Easy A can be compared to a present day John Hughes film, with Olive resembling a Molly Ringwald character. The tone of the film is complete sarcasm; the majority of the dialog is all sarcasm based featuring witty one-liners. The movie keeps the audience engaged and laughing throughout its entirety.

In Olive’s English class the book The Scarlet Letter by Nathaniel Hawthorne is analyzed, and Olive gets very involved with the story line. After the extremely religious Marianne, Amanda Bynes, hears Olivia make up a story to her best friend Rhiannon, Aly Michalka, about losing her virginity Marianne suggests that Olivia embroider an “A” onto her wardrobe (like Hester Prynne from The Scarlet Letter). The movie pokes fun at Christianity and could possibly be offensive to Christian viewers (but then again the entire movie is based around a girl lying about sleeping around).

The relationship between Olive and her parents is one that most teenagers would love – the sarcasm and witty punch lines are never ending when it comes to Olive, her parents and her adopted brother. At one point her brother, who is black, says that he will not have to worry about the genetics being passed down since he was adopted. The response from the father is, “How did you find out you were adopted?”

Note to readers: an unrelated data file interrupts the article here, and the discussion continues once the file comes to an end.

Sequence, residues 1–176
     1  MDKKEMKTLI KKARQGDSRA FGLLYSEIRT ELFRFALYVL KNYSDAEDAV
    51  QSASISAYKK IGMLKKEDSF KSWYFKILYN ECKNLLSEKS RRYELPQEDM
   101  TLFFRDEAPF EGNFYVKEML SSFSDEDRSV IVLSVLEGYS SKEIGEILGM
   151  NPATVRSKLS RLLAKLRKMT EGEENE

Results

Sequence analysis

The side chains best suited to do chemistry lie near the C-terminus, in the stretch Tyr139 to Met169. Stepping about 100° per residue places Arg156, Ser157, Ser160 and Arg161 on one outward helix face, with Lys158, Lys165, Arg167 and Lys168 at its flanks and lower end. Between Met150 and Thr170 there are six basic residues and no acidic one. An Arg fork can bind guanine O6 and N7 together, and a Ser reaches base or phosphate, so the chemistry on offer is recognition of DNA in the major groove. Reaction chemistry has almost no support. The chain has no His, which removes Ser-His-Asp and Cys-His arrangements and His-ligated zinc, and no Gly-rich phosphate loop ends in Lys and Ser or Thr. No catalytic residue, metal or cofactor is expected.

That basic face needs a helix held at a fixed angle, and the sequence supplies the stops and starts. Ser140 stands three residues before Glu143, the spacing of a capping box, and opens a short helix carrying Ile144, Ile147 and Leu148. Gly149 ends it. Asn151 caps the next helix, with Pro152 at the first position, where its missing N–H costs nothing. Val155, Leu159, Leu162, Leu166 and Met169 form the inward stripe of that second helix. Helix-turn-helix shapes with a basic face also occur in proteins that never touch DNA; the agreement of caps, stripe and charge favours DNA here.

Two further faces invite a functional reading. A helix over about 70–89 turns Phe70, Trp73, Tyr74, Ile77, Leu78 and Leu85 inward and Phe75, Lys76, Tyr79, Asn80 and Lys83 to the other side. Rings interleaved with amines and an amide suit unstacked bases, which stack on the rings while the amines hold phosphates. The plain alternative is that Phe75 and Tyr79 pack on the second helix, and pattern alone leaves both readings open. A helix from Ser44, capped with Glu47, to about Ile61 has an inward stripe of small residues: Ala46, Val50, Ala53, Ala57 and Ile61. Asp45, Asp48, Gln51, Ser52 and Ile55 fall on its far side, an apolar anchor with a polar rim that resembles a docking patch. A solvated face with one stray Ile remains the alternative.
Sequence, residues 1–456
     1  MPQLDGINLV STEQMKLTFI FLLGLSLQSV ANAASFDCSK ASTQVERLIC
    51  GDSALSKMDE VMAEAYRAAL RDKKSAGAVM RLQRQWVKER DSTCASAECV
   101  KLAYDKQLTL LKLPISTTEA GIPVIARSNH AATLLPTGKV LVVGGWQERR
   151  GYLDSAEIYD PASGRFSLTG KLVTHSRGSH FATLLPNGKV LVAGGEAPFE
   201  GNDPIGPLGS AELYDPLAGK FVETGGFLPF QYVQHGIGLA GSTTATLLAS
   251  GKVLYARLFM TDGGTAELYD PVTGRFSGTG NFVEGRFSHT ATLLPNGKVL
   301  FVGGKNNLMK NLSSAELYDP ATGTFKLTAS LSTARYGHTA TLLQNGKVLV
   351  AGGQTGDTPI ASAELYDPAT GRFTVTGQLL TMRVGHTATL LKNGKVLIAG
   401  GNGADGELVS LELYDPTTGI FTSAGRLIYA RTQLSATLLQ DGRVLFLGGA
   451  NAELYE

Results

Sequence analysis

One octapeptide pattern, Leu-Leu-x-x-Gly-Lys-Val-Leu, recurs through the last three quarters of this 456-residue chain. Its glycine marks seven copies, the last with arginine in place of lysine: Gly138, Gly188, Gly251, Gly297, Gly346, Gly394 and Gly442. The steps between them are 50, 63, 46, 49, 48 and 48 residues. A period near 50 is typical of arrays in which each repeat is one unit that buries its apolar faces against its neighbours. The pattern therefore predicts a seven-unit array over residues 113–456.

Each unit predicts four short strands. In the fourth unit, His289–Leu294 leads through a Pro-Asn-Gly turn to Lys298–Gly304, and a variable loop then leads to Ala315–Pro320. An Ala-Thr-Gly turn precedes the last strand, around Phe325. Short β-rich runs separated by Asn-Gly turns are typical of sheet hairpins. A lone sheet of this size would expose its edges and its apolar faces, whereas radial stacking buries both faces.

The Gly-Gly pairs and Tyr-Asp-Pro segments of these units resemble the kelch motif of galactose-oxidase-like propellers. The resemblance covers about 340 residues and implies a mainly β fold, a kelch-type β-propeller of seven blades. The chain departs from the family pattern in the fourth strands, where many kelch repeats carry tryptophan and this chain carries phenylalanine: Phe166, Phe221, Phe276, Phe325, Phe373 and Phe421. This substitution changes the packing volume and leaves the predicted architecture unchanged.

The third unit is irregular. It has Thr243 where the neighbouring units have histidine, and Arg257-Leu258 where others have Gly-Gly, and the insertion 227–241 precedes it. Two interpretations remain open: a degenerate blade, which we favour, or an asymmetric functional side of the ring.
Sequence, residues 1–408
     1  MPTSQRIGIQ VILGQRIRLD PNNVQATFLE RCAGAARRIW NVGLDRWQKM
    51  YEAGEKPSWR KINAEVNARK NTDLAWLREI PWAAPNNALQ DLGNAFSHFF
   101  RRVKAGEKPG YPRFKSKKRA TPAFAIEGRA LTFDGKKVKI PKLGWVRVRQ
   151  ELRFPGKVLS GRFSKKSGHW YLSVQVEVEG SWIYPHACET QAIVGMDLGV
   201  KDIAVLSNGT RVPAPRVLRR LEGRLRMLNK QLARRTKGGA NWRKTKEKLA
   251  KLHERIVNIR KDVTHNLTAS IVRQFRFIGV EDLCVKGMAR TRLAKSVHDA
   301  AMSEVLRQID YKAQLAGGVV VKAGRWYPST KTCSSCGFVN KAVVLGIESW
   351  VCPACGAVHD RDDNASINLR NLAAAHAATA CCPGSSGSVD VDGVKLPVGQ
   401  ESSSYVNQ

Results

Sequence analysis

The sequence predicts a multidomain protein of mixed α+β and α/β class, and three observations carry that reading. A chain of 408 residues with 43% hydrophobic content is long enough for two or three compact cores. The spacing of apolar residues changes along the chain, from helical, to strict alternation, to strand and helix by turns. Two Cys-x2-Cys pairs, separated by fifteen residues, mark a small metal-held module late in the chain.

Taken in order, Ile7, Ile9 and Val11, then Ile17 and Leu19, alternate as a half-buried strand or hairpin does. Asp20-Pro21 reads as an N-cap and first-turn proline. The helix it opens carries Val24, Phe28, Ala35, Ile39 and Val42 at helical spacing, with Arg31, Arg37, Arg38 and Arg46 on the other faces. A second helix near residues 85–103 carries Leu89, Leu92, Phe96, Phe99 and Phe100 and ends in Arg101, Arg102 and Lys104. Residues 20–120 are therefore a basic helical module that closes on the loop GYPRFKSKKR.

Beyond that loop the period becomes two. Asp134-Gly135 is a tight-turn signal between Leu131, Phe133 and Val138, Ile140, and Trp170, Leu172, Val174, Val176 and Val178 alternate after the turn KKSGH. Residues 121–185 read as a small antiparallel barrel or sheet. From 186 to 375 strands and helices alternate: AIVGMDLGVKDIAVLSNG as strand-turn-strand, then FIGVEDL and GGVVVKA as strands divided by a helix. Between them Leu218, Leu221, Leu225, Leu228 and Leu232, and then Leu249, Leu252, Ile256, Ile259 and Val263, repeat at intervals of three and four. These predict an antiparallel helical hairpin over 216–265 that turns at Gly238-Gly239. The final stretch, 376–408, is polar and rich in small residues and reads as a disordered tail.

Without giving away too much Olive’s reputation grew once she went to a party and pretended to have sex with her friend Brandon, Dan Byrd, who is gay so that the other students would no longer pick on him for his sexual orientation. The two lock themselves in a bedroom and jump on the bed making noises so that the act is believable.

After this more and more boys find out that Olive is letting boys lie about doing things with her and Olive is offered gifts and money. Olive’s reputation gets so out of hand that she buys lots of sexy lingerie and embroiders an “A” onto every piece.

Penn Badgely plays the role of "Woodchuck Todd," Olive's long time crush, and he was Olive's first lie; when they were in eighth grade during a party the two were locked in a bedroom and expected to kiss, but Todd was not ready. Olive agreed to tell the rest of the party that the two had kissed when in fact they had not.

There is much more to this movie than what has been touched upon. Out of five stars this movie is about a four - the comedy is entertaining and is able to poignantly capture the feelings that teenagers feel in high school, but it is easy to get annoyed with how overly quirky and cartoony the characters are.

By Nikky Raney
Journalist & Blogger

Also posted on The Future of Journalism